Incidentally while playing Echo Bazaar I have been inspired by their particular variation of the choose your own adventure idea. Each turn the player has an array of choices. Even though each choice could be made over and over again, consequences of particular actions unlock “storylets” which enables additional choices for the player. Choices in Lillie and Ransome will of course not allow (nor require) repetition of the same choice, but the way in which Echo Bazaar suggests a broader story through storylets unlocked by consequences of player decisions is inspiring, and at the least reinforcing for me that COYA is an acceptable mechanic in a game.
          Throughout this reductive process, Scrivener has been immensely helpful because it treats a writing project as a collection of parts, or “scrivenings” in Scrivener parlance. Each of these parts can then be linked with the others in a variety of ways. The parts can be anything you want: chapters, character sketches, plot outlines, descriptions and so on. This makes it adaptable to a wide array of writing projects including game writing. Here’s a screenshot of another project I occasionally work on, a mod for NWN called Line of Succession:

          On the left of the window, you can see how I have organized each of the pieces of writing into folders. I have selected my “Characters” folder, and then in the main part of the window is a cork board view with an index card synopsis of each character. Each of those index cards represents a full text file with everything I have to say about the character. As one might do with a wiki, I link relevant files together. So a character file might contain a link to a description of the faction that character belongs to, or a file describing the character’s possible dialog in the game. (Admittedly, an actual wiki is more useful for linking bits of text to one another, but wiki mark-up is such a drag that I’d rather not use one unless I need to collaborate with a team of writers.)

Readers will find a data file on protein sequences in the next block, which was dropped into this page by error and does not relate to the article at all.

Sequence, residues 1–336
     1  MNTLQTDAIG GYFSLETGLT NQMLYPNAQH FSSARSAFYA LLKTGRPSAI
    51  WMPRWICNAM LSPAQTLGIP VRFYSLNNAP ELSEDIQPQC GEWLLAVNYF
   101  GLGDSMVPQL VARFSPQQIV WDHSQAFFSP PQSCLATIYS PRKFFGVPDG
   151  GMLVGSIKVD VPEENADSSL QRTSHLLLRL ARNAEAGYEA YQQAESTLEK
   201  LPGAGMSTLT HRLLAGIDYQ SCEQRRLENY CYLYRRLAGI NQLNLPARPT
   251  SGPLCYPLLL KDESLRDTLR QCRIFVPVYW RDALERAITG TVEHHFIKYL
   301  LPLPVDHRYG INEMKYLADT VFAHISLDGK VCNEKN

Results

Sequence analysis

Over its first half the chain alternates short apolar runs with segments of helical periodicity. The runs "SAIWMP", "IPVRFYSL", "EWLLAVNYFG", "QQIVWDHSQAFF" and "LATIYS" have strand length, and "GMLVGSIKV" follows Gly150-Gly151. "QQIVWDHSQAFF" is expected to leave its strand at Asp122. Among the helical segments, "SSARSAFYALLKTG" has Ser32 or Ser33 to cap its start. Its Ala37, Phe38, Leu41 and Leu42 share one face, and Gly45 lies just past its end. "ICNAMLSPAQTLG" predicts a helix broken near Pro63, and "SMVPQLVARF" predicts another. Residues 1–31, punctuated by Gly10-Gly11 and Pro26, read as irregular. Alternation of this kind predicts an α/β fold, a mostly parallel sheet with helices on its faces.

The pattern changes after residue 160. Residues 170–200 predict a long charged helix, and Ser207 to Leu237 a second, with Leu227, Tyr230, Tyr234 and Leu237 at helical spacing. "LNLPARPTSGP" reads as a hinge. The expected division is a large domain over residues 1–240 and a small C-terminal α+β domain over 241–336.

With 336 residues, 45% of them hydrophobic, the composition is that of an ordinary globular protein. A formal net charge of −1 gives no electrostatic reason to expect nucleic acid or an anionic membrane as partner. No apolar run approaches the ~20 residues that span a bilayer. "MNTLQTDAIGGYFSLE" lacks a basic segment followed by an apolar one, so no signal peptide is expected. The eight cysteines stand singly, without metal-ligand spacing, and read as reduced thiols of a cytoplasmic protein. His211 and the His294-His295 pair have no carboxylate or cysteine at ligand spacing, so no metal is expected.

Also of note is Scrivener’s research folder. While brainstorming a plot for a game, I like to surf the web for very old stories, mythology, fairy tales and the like that share similarities with what I am working on. Line of Succession for example draws upon the ballet “Giselle”, an old story by Sir Walter Scott titled “Anne of Geiersteen”, and various fairy tales about witches. In my research folder, I have captured web archives of the material I might need to refer to often. It is much easier to click through a collection of web archives in my writing application (especially when offline) than it is to go to my browser and navigate back to those websites again. In Lillie and Ransome, I am drawing upon the medieval romance, “Roswall and Lillian”, for inspiration.
          Two websites well suited for this kind of research are Project Gutenberg and SurLaLune Fairy Tales. Please support their efforts if you have the opportunity.
          I’m not going to belabor this any further and describe how I have specifically worked my way from the broad story to individual game objects. It is difficult to discuss this clearly without using examples that would give away the story itself, and anyway since I have so much more work to do here I best return to it.